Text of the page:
Chapter 8: Dead End
“You’re early today,” Cassidy acknowledged as she walked up to her workstation.
Alan looked away from his computer monitor and gave Cassidy a smile before responding.
“I thought I would come in early and get a jump on things. How are you feeling?”
Cassidy gave Alan a look of curiosity as she hung up her coat. She responded to his question as she settled into her chair.
“I’m okay,” Cassidy reported with an intonation of sorrow. “About last Friday, I was tired.”
“No, you weren’t,” Alan spoke back with a grin on his face. “You were frustrated and pissed off, and I was the sounding board that you could vent it out on.”
Cassidy noted Alan’s good mood and was relieved to see it. She returned his smile before speaking again.
“Just the same, I’m sorry.”
It’s fine. It’s fine,” Alan responded while pecking at keys on his computer keyboard between clicks of his mouse.
Cassidy noted Alan’s attention to his monitor and became curious about what he was doing. In Cassidy’s mind, it was unusual for Alan to be working with his computer when it was something that he could push off to her, and as far as she knew there was nothing to be done that she could not do.
“What are you doing?” Cassidy questioned with a frown of curiosity.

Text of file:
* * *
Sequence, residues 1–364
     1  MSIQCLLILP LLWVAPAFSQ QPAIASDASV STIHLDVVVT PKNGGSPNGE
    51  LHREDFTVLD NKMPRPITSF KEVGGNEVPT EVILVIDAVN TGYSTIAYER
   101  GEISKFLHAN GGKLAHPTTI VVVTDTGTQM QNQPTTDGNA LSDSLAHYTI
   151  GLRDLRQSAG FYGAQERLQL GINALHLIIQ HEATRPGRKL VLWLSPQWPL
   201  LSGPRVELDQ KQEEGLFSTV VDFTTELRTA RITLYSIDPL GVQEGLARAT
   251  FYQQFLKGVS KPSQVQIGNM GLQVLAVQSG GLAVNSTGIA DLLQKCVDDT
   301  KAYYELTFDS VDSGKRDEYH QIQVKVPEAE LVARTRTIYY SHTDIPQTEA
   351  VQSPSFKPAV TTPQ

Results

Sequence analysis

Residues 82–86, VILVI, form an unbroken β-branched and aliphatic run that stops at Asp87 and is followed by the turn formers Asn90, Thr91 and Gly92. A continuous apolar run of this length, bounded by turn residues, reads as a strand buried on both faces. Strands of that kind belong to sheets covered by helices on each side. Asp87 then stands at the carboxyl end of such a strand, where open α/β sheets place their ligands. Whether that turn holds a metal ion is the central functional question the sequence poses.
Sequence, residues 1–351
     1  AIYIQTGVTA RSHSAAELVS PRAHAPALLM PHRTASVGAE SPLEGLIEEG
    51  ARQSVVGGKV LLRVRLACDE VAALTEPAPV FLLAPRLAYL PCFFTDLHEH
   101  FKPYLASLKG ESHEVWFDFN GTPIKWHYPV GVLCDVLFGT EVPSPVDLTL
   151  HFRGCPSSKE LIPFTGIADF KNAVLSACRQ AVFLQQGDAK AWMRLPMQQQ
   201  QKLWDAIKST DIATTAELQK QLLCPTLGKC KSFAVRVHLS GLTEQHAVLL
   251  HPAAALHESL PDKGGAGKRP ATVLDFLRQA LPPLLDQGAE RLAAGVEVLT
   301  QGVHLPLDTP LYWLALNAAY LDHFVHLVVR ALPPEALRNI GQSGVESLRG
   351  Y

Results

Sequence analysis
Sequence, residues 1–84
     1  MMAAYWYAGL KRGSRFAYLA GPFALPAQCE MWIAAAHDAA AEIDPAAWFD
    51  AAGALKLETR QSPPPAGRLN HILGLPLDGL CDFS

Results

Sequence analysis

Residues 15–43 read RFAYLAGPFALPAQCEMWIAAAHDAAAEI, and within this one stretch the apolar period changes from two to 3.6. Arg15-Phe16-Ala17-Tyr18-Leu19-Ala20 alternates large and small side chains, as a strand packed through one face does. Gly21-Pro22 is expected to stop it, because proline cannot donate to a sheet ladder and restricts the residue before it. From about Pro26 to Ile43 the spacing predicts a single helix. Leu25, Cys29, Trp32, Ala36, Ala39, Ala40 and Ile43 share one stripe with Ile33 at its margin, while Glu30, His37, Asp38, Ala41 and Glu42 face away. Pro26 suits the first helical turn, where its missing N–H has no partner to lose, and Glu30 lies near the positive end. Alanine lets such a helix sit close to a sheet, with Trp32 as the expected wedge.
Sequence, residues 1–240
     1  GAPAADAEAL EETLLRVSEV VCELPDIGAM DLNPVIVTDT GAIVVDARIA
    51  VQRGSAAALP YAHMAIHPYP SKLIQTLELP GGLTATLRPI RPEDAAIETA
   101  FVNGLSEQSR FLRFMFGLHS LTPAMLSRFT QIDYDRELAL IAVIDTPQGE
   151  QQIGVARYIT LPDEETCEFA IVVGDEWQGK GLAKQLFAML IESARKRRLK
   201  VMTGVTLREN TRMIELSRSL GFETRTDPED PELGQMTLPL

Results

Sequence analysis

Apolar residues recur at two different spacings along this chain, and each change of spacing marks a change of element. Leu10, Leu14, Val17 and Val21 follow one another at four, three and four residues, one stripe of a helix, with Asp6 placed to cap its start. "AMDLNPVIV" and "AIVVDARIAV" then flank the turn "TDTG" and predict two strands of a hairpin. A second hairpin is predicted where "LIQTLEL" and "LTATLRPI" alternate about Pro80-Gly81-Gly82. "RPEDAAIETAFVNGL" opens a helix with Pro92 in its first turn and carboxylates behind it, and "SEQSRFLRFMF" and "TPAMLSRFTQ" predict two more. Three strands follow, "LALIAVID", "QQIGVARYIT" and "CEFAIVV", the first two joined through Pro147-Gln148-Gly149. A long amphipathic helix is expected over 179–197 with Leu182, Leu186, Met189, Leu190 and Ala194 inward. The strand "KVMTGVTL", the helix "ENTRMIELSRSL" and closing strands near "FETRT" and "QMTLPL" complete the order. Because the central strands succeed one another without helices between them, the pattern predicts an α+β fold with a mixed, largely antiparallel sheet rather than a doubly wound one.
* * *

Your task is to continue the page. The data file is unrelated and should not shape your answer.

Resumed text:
“I came up with an idea last night,” Alan answered while examining his monitor. “I’m just testing it.”
“Is it about the case?” Cassidy questioned with a look of interest.
“Medallion taxi cabs and pirate taxis are not the only cabs in the city. Maybe they took a gypsy cab.” Alan explained as he continued to study his monitor.
“And where are you going with this?” Cassidy asked behind a look of confusion.
“Well, we know that our vics went somewhere. We know that they didn’t drive themselves, the missing person’s investigation couldn’t find evidence that a known friend or family member drove them somewhere, and it’s unlikely that they used a transit service that we can track. That leaves an unknown acquaintance, walking or a gypsy cab.”
Cassidy was not sure what Alan was thinking, but she was content to hear him out to the end.
“The problem with gypsy cabs is that there is next to no records on their movements,” Alan continued to explain.
“But we know that none of our vics called for a cab, medallion or gypsy,” Cassidy challenged.
“That doesn’t prove that they didn’t get in one,” Alan suggested.
Cassidy shook her head in disbelief before expressing it with her words.
“This sounds like a waste of time.”
“Think about it,” Alan rifled back. “If they did get into a gypsy cab and there’s no record of it then that would make our vics the ideal target for a cabbie who is not above killing a passenger for the money in his or her pockets.”